“You mean you’ve seen this before?”

“Not so directly or so continuously. It’s wonderful.”

“Would you have any use for such a mirror?”

“It would be an invaluable gift. We could have novices look into the mirror and see if they are suitable.” Xavier fell silent and then continued, “But that might not work.”

“Why not?”

“One needs to be prepared, persistent and willing. Willing to see what one doesn’t want to see or it would be a plague, a torment.” He paused and then continued, “A great deal of training would be needed to make it useful. But for the serious, you have made a wonderful tool. Let me try the glasses.”

Xavier put them on and looked directly at Rokko. “You’re thinking that just maybe I’ve learned something. You’re even a bit proud of me?”

Rokko reluctantly said, “Yes.”

 Xavier took the glasses off. “Have you been using them?”

“Yes. When I can. It’s much harder than I thought. Would you like me to make you a mirror?”

“Yes, but our order is dying out. We haven’t had a novice in five years. I’m afraid you’ll have to learn how to use this difficult gift by yourself unless you want to come here to live for a while.”

“You know I can’t do that. I’ll see what I can learn on my own. Are you going to recognize and greet me next time I come?”

“You know the answer to that.”

“Yes, I do.” There was a long pause. “And quite right too.”

 Rokko left, not knowing how or if he would use the glasses or the mirror he’d made. Perhaps it was best to just pack them up like the first expedition had done. On the drive home he began thinking. No. I’ve got to go on. Before, I didn’t see all the roles I’m playing and how I couldn’t step out of them. That ignorance seemed like bliss.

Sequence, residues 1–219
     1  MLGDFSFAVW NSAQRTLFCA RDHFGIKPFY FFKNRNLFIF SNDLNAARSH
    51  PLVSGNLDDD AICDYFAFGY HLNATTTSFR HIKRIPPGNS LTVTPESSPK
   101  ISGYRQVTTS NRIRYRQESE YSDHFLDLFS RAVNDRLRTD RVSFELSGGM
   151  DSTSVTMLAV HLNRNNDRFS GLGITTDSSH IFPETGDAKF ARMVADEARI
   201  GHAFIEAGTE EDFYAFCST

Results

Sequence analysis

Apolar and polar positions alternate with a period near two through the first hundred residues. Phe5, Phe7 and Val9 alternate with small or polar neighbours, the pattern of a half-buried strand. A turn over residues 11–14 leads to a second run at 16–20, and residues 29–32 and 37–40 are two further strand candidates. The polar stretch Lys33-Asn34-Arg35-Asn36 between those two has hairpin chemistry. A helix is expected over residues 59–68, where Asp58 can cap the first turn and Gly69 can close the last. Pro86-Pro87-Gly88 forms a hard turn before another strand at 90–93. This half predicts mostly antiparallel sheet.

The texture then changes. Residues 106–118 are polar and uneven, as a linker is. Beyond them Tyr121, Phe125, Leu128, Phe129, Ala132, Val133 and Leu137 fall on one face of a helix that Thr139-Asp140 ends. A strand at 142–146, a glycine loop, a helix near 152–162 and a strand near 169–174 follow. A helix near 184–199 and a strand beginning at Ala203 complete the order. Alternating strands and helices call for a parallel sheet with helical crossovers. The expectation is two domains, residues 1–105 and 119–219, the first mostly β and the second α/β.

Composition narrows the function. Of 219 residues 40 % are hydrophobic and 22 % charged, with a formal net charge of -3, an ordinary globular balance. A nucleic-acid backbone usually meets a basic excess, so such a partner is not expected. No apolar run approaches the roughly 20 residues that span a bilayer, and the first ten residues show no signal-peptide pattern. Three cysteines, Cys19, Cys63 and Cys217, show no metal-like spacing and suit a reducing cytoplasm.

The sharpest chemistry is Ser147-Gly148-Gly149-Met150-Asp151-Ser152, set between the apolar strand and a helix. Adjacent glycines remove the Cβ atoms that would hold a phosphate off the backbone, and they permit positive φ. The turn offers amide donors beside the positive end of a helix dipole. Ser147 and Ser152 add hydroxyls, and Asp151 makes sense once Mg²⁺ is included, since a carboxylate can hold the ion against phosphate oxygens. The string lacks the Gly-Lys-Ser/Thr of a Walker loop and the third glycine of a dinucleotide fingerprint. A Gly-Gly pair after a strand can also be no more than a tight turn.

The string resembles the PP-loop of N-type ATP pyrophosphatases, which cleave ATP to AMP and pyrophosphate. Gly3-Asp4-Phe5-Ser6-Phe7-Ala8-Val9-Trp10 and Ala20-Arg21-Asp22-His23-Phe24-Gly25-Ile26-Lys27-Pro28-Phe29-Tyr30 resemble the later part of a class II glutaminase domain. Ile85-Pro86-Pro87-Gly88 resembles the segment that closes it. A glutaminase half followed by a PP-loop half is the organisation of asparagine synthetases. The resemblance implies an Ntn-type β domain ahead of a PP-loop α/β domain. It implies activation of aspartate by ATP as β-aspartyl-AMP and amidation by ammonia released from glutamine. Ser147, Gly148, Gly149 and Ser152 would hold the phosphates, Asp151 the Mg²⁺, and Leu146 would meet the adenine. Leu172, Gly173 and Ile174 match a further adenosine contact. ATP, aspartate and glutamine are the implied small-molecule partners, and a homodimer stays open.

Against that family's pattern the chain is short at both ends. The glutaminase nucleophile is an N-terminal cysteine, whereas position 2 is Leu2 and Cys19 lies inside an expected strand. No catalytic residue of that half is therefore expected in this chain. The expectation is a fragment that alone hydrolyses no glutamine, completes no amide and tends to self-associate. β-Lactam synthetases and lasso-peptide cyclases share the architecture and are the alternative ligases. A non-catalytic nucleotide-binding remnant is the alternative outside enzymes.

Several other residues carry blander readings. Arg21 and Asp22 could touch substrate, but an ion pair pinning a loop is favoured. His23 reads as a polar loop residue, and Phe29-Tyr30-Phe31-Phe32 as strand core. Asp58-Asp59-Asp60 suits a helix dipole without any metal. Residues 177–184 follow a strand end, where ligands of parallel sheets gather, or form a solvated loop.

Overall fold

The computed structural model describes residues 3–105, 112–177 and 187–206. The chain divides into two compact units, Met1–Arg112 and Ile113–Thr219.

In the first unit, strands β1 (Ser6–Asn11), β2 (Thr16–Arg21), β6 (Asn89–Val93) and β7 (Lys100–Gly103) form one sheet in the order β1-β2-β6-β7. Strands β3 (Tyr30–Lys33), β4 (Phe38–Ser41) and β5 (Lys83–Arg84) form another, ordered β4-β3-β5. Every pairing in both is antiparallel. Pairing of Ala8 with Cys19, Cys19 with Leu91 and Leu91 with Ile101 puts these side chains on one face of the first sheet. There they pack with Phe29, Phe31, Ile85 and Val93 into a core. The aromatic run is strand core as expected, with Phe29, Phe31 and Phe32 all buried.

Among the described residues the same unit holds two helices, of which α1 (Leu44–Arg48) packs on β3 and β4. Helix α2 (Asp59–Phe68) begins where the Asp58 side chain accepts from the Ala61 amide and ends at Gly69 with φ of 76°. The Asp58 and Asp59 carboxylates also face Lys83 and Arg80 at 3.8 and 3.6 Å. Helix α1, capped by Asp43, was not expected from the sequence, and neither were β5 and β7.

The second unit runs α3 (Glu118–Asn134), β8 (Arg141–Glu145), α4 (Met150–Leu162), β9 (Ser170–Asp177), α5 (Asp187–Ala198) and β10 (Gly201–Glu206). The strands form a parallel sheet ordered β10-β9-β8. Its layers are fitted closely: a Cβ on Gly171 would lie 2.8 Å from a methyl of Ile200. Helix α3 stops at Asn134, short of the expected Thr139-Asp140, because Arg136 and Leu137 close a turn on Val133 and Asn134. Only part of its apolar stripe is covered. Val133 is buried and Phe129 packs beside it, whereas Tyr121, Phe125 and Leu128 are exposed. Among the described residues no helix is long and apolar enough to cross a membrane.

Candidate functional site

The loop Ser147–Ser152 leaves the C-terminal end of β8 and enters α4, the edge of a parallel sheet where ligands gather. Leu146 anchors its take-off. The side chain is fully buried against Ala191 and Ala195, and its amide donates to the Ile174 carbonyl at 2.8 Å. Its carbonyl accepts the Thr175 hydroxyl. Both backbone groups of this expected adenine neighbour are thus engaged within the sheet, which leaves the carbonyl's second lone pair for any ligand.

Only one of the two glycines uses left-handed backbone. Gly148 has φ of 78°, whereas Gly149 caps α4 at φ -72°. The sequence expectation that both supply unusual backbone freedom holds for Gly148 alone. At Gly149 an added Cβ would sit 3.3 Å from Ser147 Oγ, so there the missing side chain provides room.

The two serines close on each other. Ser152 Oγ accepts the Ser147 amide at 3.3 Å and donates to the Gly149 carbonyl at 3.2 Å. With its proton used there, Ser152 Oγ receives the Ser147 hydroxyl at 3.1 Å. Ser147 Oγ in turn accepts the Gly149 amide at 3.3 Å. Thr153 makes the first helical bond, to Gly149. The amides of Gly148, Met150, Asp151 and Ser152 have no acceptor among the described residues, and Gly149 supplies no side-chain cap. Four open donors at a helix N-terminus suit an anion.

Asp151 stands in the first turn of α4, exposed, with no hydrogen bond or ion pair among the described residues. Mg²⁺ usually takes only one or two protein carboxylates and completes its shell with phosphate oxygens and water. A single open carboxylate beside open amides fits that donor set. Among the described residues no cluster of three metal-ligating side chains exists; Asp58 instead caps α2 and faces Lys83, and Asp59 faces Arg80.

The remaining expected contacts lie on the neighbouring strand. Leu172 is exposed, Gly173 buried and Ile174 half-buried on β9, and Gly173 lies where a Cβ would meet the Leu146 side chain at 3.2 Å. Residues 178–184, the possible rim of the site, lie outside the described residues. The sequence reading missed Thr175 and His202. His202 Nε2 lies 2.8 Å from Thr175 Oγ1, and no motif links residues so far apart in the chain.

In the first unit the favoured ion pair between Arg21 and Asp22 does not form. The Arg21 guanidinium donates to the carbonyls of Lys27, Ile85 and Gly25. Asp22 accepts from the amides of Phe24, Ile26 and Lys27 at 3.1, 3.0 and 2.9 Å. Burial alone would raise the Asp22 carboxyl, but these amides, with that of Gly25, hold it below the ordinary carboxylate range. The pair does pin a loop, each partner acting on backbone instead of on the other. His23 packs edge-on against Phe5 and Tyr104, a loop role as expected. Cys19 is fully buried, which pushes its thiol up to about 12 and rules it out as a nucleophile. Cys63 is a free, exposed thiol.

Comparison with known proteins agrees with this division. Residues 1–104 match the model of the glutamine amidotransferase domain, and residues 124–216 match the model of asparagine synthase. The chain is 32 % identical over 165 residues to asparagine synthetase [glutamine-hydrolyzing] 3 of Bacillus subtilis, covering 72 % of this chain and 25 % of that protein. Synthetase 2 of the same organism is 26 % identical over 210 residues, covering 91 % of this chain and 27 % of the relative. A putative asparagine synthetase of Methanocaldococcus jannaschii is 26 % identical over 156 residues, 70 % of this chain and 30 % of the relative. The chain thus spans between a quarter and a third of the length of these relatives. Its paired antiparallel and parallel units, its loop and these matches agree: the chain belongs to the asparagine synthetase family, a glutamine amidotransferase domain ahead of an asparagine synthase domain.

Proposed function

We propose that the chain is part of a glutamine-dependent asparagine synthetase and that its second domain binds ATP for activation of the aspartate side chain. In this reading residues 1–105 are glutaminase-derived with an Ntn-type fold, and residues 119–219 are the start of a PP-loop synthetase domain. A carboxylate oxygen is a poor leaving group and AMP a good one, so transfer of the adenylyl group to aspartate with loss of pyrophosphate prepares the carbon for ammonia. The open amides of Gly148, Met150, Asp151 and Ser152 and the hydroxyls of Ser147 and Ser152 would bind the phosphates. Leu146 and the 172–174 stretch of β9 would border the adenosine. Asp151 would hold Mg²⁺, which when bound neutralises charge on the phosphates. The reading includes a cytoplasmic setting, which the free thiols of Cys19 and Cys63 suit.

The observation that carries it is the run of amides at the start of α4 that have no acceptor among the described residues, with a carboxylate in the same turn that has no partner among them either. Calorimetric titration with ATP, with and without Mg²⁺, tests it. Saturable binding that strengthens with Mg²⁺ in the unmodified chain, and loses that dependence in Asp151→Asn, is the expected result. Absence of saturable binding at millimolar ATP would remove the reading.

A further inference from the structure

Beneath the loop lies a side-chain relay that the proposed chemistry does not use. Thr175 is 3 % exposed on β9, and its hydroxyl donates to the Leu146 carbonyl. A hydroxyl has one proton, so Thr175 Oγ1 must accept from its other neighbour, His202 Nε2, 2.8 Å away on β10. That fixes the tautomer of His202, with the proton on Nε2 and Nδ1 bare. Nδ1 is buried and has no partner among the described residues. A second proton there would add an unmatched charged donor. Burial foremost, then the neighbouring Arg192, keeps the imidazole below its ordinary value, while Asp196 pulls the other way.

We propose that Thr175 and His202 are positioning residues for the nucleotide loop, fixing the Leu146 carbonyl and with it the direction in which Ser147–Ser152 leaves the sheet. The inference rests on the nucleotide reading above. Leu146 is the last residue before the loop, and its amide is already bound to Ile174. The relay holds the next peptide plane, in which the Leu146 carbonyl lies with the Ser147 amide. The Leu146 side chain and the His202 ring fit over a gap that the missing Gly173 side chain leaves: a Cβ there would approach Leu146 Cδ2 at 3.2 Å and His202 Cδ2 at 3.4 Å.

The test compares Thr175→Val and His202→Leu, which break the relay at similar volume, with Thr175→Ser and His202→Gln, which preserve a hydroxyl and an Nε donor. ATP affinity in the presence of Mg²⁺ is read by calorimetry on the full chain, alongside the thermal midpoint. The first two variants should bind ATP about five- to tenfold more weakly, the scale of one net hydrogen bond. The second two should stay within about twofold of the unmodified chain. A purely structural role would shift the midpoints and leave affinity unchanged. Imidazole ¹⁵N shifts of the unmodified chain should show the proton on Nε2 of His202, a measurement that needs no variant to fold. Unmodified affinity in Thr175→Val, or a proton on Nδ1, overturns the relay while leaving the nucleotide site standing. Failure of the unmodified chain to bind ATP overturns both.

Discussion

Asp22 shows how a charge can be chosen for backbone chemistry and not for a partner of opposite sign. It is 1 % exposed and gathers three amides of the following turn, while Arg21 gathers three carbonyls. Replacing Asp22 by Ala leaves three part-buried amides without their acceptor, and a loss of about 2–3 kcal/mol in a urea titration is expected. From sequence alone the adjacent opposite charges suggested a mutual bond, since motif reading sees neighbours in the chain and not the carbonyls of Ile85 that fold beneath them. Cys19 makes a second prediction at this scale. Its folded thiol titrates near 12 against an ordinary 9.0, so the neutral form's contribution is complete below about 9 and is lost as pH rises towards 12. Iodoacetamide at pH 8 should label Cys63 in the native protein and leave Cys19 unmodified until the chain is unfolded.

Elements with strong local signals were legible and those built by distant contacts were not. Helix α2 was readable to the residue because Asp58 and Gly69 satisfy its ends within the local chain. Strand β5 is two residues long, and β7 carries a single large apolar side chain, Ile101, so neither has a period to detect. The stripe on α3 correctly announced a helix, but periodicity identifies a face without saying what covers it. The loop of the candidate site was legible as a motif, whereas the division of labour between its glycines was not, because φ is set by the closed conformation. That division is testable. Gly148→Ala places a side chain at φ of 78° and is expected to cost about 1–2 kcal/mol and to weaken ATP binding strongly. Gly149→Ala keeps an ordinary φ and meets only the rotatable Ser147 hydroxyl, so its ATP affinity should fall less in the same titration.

When he got home, he made coffee for himself and Nina. Rokko was pretty sure Nina wouldn’t enjoy looking in the mirror, but she’d asked, multiple times, what he’d been working on so hard. As they dunked their biscotti, Rokko started to talk. “Some people say or feel that ignorance is bliss.” Rokko could see Nina squinting her eyes. Rokko continued, “I’ve decided that ignorance is just ignorance.”

“I have no idea what the heck you’re talking about.”

Rokko smiled. “I’m not sure I do either but let me try to explain.”

“I’ll listen with the greatest pleasure.”

He explained as best he could and gave her the mirror. “Best to wait until you’re alone to take a look. I’ll be in my office in case you want to talk.” He walked to his home office down the hall. He sat down. He felt afraid. A minute went by. He heard nothing.

Two more minutes. Nothing.  Rokko was relieved.

The sounds of “Rokko, what the hell have you made?” blasted down the hall. Well, this is going to be interesting, was Rokko’s first thought. His second was, I should have packed them up and put them in storage.